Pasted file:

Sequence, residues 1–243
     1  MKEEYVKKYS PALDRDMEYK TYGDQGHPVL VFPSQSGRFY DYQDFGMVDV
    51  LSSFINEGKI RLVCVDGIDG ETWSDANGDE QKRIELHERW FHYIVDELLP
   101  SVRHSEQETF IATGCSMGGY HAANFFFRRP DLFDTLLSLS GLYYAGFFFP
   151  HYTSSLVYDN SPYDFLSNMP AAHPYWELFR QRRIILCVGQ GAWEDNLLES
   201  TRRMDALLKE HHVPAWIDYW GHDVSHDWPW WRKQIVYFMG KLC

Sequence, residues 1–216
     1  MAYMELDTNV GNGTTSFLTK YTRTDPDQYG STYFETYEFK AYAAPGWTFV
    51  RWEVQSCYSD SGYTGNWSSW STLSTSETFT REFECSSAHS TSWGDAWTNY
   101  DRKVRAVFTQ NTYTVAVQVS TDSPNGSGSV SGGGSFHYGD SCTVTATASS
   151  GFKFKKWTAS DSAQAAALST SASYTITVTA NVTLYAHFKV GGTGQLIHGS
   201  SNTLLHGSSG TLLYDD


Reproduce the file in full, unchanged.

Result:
Sequence, residues 1–243
     1  MKEEYVKKYS PALDRDMEYK TYGDQGHPVL VFPSQSGRFY DYQDFGMVDV
    51  LSSFINEGKI RLVCVDGIDG ETWSDANGDE QKRIELHERW FHYIVDELLP
   101  SVRHSEQETF IATGCSMGGY HAANFFFRRP DLFDTLLSLS GLYYAGFFFP
   151  HYTSSLVYDN SPYDFLSNMP AAHPYWELFR QRRIILCVGQ GAWEDNLLES
   201  TRRMDALLKE HHVPAWIDYW GHDVSHDWPW WRKQIVYFMG KLC

Sequence, residues 1–216
     1  MAYMELDTNV GNGTTSFLTK YTRTDPDQYG STYFETYEFK AYAAPGWTFV
    51  RWEVQSCYSD SGYTGNWSSW STLSTSETFT REFECSSAHS TSWGDAWTNY
   101  DRKVRAVFTQ NTYTVAVQVS TDSPNGSGSV SGGGSFHYGD SCTVTATASS
   151  GFKFKKWTAS DSAQAAALST SASYTITVTA NVTLYAHFKV GGTGQLIHGS
   201  SNTLLHGSSG TLLYDD